Book Review: Pillars of Barabbas (The Barabbas Trilogy #2) by M. D. House

  • Title: Pillars of Barabbas
  • Series: The Barabbas Trilogy #2
  • Author: M. D. House
  • Where to buy: Amazon (affiliate link)
  • Genre: Christian Fiction, Historical Fiction
  • Would I recommend: If you enjoy Christian fiction and books that offer an idea of how “the rest of the story” might have gone, this one may be for you!

From Goodreads:

The man they called Barabbas has come a long way from the wretched prisoner released by Pontius Pilate in lieu of Jesus of Nazareth. He and his wife Chanah are growing in regard among the leadership of Christ’s fledgling church, which is expanding and thriving.

But increasing Christian influence breeds jealousy among several Roman governors and senators. How will Emperor Nero react? Can the apostle Paul soothe the moody young ruler and help the valiant Roman saints continue to spread the Word?

The Parthian Empire also poses threats, including in Eastern Africa, where the former centurion Cornelius has become a prominent Christian leader. Will the Christians need to flee, or must they fight both the Romans and the Parthians? 

My review:

I was privileged to review I Was Called Barabbas, the first book in M. D. House’s Barabbas Trilogy, so when Pillars of Barabbas came up for review, I jumped on it. House continues the tale of what Barabbas’ life may have looked like in fine fashion.

The novel is set about thirty years after the Crucifixion. Barabbas has continued to be involved in the church, and now holds the title of bishop. He and Chanah are sent back to Rome to oversee the building of a Christian temple there.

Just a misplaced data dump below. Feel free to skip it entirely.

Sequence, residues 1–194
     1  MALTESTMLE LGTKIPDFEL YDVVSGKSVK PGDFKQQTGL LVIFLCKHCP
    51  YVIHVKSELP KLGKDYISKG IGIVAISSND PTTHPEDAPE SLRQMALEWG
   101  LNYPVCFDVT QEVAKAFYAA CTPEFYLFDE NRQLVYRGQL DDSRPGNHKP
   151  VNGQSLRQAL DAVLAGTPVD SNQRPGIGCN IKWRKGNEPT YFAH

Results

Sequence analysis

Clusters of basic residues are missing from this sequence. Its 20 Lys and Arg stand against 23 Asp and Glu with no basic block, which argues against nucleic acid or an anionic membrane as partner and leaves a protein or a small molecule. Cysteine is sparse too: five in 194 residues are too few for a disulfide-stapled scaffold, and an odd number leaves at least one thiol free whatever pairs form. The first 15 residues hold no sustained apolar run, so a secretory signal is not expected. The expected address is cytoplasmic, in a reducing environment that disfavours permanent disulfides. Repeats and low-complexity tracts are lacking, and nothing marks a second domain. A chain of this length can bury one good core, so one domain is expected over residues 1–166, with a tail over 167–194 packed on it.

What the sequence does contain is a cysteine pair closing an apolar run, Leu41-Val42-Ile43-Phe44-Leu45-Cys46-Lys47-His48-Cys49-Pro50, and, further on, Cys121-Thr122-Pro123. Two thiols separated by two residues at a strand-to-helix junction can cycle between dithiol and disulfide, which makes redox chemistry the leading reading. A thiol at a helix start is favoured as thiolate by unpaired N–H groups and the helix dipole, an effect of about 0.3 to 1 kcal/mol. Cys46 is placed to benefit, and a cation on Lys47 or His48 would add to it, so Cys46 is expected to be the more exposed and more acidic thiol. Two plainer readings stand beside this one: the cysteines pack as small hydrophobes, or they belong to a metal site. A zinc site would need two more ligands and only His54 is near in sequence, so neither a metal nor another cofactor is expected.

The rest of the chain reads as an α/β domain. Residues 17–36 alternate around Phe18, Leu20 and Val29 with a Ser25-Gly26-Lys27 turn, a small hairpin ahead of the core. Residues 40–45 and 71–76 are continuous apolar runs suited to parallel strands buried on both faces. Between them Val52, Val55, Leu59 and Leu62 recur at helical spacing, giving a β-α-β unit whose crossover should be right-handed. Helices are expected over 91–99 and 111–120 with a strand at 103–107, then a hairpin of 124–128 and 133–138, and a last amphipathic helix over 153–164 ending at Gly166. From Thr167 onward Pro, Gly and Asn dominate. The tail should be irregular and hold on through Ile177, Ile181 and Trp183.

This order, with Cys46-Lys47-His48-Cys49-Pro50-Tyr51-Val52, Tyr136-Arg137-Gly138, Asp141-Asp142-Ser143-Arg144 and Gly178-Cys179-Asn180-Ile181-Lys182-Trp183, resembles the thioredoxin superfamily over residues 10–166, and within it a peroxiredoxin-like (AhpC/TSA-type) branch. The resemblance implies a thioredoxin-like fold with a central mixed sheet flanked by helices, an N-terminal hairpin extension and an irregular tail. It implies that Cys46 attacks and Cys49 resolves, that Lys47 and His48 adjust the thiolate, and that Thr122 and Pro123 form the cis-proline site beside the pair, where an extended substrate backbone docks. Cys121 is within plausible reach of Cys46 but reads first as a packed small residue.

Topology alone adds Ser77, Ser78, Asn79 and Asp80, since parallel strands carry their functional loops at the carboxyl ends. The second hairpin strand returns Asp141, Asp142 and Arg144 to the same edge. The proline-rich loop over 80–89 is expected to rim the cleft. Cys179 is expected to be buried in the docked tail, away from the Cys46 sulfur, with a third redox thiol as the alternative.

It’s clear that House did his research on the time period. The descriptions of houses, of the tensions between Rome and Parthia, of the political maneuvering and the dislike that some leaders had for the growing Christian faith, all seemed spot on.

The events described generally track pretty well with Scripture. The ones that don’t, I figured it’s because they aren’t included there. That’s the beauty of historical fiction. The author has the ability to flesh out what he thinks might have happened. The fact that Barabbas and Chanah were sent to build a temple threw me a bit, as it was my understanding that the early church met in small groups in homes, and that physical structures dedicated to worship didn’t come until later in time. That didn’t really detract from my enjoyment of the story, though.

This was just a fun story to contemplate. On a bare reading of Scripture, we don’t learn much about Barabbas other than that he was released and Jesus was crucified instead. I’d bet most of us don’t really stop to think about how that event might have impacted Barabbas. Could he have continued with his life as a miscreant? Possibly. But I like to think that Jesus’ willingness to die in Barabbas’ place sent Barabbas home a changed man. That’s why I enjoy House’s writing so much. It makes my heart happy to think of Barabbas turning from his life of crime and going on to do mighty work for the Kingdom, and raising his children to do likewise.

I enjoyed the inclusion of Barabbas and Chanah’s children in the story. It’s exciting to see them grow up and start to move out into their own lives, their own work. I hope to see more of them in the third book of the trilogy.

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